What To Do When Your Party Size Is Bigger Than Your House

Bit off more than you can chew?

black and white vintage photo of couple entertaining friends / southern hostess
Photo: Getty Images

As we head into the fall and winter months, it's time to start planning tailgates, Thanksgiving dinners, holiday parties, and other gatherings. There's something special about hosting all of the people you love in your home. But what do you do when you realize that your guest list is larger than your space? These experts have tips on throwing a party that's festive and comfortable for everyone, regardless of the size of your home.

Get Creative with Seating

When you're planning a party in your home, Samantha Radandt, owner of B&R Events, says a general rule of thumb is to make sure that 50 percent of your guests have a place to sit.

"Some people might perch, some might lean and be okay with not sitting, whereas the other half may definitely need a seat," she says.

If seating is more limited than you'd like, this doesn't necessarily mean you'll need to rent chairs. Shay Brown, founder and owner of Shay Brown Events Management says, "Taking your basic seating and adding to it with oversized cushions or soft ottomans can be part of a very comfortable and beautiful design."

Consider Tents When Necessary

If your guest list is still larger than your home can comfortably accommodate, you might consider expanding the party out into the backyard and renting a tent. For a cold weather event, Vivian Schneider, owner of Weddings & Events By Vivian, advises adding heaters and sides for the tent.

"There's nothing worse than when it rains so hard it comes in sideways and there are no tent sides!" she says.

Remember Not Everyone Will Attend

"The typical return on RSVPs is 80 percent. If you invite 50, expect 40," Brown says.

Schneider adds that you should keep in mind that you can expect between two and four people to cancel the week of the event due to sick children, work conflicts, and other unexpected issues.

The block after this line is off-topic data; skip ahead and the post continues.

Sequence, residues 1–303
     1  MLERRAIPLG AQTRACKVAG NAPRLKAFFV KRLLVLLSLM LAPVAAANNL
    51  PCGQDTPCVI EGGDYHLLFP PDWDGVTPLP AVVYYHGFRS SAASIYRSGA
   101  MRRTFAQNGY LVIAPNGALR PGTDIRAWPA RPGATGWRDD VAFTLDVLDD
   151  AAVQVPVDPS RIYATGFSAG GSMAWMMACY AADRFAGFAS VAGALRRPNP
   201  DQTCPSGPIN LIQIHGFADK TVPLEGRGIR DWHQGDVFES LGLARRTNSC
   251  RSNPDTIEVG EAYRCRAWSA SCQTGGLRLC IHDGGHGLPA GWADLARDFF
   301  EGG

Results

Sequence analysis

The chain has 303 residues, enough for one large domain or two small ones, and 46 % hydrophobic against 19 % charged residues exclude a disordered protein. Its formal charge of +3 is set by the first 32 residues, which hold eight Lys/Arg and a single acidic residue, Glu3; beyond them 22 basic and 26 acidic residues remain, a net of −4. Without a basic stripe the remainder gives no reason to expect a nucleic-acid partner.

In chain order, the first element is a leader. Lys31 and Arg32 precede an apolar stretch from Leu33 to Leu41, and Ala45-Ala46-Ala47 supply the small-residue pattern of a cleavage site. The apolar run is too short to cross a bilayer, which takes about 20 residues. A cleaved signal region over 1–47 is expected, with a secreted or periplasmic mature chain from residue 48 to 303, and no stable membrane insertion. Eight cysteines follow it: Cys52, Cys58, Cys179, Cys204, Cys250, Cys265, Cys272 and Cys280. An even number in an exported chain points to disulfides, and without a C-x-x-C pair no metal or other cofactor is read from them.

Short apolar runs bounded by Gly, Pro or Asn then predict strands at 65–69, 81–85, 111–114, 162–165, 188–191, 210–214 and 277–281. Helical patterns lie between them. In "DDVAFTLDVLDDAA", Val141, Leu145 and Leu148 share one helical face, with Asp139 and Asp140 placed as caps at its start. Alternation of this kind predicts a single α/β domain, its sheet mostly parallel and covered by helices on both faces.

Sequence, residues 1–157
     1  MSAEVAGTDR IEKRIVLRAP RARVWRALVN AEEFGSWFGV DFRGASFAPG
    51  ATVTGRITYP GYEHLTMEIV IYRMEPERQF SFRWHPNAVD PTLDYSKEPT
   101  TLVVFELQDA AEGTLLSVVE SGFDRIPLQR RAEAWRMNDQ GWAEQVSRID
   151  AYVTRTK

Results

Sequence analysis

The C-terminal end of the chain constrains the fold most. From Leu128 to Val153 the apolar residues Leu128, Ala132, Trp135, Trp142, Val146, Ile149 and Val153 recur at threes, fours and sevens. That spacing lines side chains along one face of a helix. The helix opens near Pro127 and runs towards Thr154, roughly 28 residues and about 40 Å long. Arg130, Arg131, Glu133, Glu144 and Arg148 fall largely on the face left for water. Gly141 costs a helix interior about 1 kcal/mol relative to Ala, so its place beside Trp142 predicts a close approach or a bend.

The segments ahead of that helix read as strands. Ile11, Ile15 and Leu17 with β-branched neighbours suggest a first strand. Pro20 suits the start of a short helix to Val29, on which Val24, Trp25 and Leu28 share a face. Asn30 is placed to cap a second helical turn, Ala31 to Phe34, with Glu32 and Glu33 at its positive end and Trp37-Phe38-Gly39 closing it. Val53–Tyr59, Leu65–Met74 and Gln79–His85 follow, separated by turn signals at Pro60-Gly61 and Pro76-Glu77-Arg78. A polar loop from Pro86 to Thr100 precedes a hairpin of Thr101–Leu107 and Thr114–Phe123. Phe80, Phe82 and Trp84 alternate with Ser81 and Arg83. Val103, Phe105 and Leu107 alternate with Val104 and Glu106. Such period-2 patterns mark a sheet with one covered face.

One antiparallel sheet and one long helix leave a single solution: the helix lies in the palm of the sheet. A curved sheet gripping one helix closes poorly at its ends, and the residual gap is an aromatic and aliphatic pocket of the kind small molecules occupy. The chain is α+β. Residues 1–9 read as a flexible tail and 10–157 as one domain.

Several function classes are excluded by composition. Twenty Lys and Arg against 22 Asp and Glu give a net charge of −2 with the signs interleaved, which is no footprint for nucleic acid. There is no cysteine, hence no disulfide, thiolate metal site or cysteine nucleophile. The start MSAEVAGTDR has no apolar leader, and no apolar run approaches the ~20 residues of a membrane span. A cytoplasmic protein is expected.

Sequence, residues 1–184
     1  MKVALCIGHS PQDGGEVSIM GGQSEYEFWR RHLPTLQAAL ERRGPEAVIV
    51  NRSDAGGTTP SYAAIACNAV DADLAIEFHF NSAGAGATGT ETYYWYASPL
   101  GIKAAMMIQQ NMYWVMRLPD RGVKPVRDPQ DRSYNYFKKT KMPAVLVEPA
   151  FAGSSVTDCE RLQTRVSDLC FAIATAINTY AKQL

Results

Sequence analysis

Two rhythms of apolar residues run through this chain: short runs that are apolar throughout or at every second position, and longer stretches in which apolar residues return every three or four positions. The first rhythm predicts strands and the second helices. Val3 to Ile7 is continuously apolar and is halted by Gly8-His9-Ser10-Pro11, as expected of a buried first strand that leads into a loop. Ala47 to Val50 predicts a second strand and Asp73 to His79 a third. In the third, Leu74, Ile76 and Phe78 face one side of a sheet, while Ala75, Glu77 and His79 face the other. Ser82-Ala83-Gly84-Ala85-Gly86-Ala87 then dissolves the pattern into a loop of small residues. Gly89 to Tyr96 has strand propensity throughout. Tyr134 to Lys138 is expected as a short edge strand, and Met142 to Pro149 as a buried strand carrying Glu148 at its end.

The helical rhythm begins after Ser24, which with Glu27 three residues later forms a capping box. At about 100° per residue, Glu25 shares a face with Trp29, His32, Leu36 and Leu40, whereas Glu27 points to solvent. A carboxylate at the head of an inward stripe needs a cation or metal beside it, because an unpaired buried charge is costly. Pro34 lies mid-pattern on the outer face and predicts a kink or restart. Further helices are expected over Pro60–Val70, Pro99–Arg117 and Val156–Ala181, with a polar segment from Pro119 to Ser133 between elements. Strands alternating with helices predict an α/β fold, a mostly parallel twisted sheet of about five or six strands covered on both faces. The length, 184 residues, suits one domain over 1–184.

Spread Out Refreshments To Encourage Movement

We've all been to a party where everyone hovers in the kitchen the whole night. To prevent this kind of bottleneck when you've got a large guest list and a small space, Brown suggests setting up stations in different rooms of the home.

"You want to create different experiences throughout the rooms of your home so guests can explore and keep the flow going. Think appetizers on the dining room credenza, bar on the patio, the main dish in the kitchen, and sweets in the living room," she says.

Remember Small Details

If you're hosting a party in a smaller space, you'll want to think about the bathroom situation.

"If you have fewer than two bathrooms and more than 50 guests, renting a bathroom is a great idea," Brown says.

Don't forget to think about parking, too. Will you direct guests to park on the street? Do you have an open field or other space that you'd like to use? If you're expecting an influx of cars, you'll want to make your neighbors aware of this.

Radandt also recommends considering where you'll have guests store their coats.

"This issue always reminds me of the television shows where it's like, 'Here's the bed that the coats have to go on.' Of course, you can have the bed that the coats can go on. But I think it's even nicer if you can clear out your coat closet. I know this sounds silly, but don't have a mishmash of hangers in there. Invest a little bit of money and get some nice wooden hangers from Amazon," she says.

These little touches will help your guests feel comfortable and welcome in your home, regardless of the occasion.

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